139

Sometimes when reading others' C# code I see a method that will accept multiple enum values in a single parameter. I always thought it was kind of neat, but never looked into it.

Well, now I think I may have a need for it, but don't know how to

  1. set up the method signature to accept this
  2. work with the values in the method
  3. define the enum

to achieve this sort of thing.


In my particular situation, I would like to use the System.DayOfWeek, which is defined as:

[Serializable]
[ComVisible(true)]
public enum DayOfWeek
{ 
    Sunday = 0,   
    Monday = 1,   
    Tuesday = 2,   
    Wednesday = 3,   
    Thursday = 4,   
    Friday = 5,    
    Saturday = 6
}

I want to be able to pass one or more of the DayOfWeek values to my method. Will I be able to use this particular enum as it is? How do I do the 3 things listed above?

1

10 Answers 10

213

When you define the enum, just attribute it with [Flags], set values to powers of two, and it will work this way.

Nothing else changes, other than passing multiple values into a function.

For example:

[Flags]
enum DaysOfWeek
{
   Sunday = 1,
   Monday = 2,
   Tuesday = 4,
   Wednesday = 8,
   Thursday = 16,
   Friday = 32,
   Saturday = 64
}

public void RunOnDays(DaysOfWeek days)
{
   bool isTuesdaySet = (days & DaysOfWeek.Tuesday) == DaysOfWeek.Tuesday;

   if (isTuesdaySet)
      //...
   // Do your work here..
}

public void CallMethodWithTuesdayAndThursday()
{
    this.RunOnDays(DaysOfWeek.Tuesday | DaysOfWeek.Thursday);
}

For more details, see MSDN's documentation on Enumeration Types.


Edit in response to additions to question.

You won't be able to use that enum as is, unless you wanted to do something like pass it as an array/collection/params array. That would let you pass multiple values. The flags syntax requires the Enum to be specified as flags (or to bastardize the language in a way that's its not designed).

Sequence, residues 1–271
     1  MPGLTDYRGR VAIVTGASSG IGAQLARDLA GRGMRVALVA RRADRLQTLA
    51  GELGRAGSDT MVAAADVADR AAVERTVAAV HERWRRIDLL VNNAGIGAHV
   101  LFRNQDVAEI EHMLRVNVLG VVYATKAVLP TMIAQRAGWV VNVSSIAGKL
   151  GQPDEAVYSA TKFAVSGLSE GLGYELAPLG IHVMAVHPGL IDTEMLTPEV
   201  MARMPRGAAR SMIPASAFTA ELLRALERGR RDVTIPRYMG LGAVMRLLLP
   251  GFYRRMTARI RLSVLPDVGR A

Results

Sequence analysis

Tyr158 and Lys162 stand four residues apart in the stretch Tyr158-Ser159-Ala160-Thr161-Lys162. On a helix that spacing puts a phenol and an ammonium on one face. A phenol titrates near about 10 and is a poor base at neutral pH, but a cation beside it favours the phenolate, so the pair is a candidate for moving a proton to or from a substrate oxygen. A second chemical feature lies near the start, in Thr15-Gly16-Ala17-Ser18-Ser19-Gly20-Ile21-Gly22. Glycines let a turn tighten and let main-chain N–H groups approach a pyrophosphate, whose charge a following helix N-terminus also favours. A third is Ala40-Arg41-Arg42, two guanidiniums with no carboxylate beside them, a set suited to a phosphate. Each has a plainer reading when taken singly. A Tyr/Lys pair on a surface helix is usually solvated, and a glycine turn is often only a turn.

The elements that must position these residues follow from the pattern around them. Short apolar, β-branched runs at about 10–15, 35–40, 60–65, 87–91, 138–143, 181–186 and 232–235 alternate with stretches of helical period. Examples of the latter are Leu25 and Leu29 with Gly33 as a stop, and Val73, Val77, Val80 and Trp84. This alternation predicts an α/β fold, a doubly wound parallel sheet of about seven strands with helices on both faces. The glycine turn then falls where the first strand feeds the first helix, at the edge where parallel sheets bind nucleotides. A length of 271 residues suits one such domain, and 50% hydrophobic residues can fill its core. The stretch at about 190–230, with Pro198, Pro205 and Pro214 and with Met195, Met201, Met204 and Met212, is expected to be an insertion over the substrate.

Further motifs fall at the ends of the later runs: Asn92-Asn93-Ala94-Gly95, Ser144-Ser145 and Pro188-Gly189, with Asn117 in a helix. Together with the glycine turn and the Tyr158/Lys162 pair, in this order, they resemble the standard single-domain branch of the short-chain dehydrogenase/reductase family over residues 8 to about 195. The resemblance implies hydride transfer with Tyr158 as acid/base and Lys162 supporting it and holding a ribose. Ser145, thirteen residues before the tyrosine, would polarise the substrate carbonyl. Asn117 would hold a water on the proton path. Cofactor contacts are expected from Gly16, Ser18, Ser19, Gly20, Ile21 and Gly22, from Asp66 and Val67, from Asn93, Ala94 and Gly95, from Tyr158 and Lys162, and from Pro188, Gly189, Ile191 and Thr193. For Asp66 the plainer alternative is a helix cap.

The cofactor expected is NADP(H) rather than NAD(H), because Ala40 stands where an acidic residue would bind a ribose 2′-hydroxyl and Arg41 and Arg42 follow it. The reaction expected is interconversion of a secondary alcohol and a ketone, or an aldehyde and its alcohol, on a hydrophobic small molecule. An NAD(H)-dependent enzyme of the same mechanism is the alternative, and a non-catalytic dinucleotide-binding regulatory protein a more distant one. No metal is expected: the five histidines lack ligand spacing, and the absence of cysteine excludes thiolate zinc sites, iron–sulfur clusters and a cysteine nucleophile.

8
  • 9
    I think if you want this to work, the values need to be defined as powers of two, a single bit for each value. What happens is that you pass in the bitwise OR of the values in the parameter, that you can check using bitwise AND operations. If you do not take care of defining the values as, for example, 1,2,4,8 etc, you will have problems. Jun 23, 2009 at 0:54
  • 1
    Just setting Flags attribute alone doesn't work automatically. I just tried it. Jun 23, 2009 at 1:03
  • 1
    You're right, and I removed the misinformation. Fixed up Reed's code too for him. Jun 23, 2009 at 1:07
  • @monoxide: I fixed it at the same time - sorry about overriding your edits. Jun 23, 2009 at 1:08
  • 2
    No problem... I still prefer using hex for flag values like that, seems more clear to me, but each to his own. Jun 23, 2009 at 1:10
88

I think the more elegant solution is to use HasFlag():

    [Flags]
    public enum DaysOfWeek
    {
        Sunday = 1,
        Monday = 2,
        Tuesday = 4,
        Wednesday = 8,
        Thursday = 16,
        Friday = 32,
        Saturday = 64
    }

    public void RunOnDays(DaysOfWeek days)
    {
        bool isTuesdaySet = days.HasFlag(DaysOfWeek.Tuesday);

        if (isTuesdaySet)
        {
            //...
        }
    }

    public void CallMethodWithTuesdayAndThursday()
    {
        RunOnDays(DaysOfWeek.Tuesday | DaysOfWeek.Thursday);
    }
1
  • 1
    There is another important thing to know, if you do it this way: It adds much more flexibility when you need to fill your enum dynamically. E.g.: If you use checkboxes to define the days, on which you want your program to run, and you would try to accomplish this in the way its done above, the code will be unreadable. So instead you can do it this way: ... DaysOfWeek days = new DaysOfWeek(); if (cbTuesday.Checked) days |= DaysOfWeek.Tuesday; if (cbWednesday.Checked) days |= DaysOfWeek.Wednesday; ...
    – CoastN
    Jul 31, 2019 at 7:29
33

I second Reed's answer. However, when creating the enum, you must specify the values for each enum member so it makes a sort of bit field. For example:

[Flags]
public enum DaysOfWeek
{
    Sunday = 1,
    Monday = 2,
    Tuesday = 4,
    Wednesday = 8,
    Thursday = 16,
    Friday = 32,
    Saturday = 64,

    None = 0,
    All = Weekdays | Weekend,
    Weekdays = Monday | Tuesday | Wednesday | Thursday | Friday,
    Weekend = Sunday | Saturday,
    // etc.
}
4
  • 1
    It will help you if you ever need to inspect a DaysOfWeek value, for example if you're reading one that's stored in a database. Also, it provides better documentation to other programmers, since some enumerate days of the week starting from Monday instead of Sunday.
    – Jacob
    Jun 23, 2009 at 0:56
  • 3
    For clarity and maintainability, I would write your 'All' enum as "Sunday|Monday|Tuesday|Wednesday|Thursday|Friday|Saturday"... and use a similar notation for 'Weekdays' and 'Weekend'. Jun 23, 2009 at 0:57
  • This is fine if you want to create your own enum, but to answer the question you cannot alter the existing DaysOfWeek enum Jun 23, 2009 at 1:02
  • 2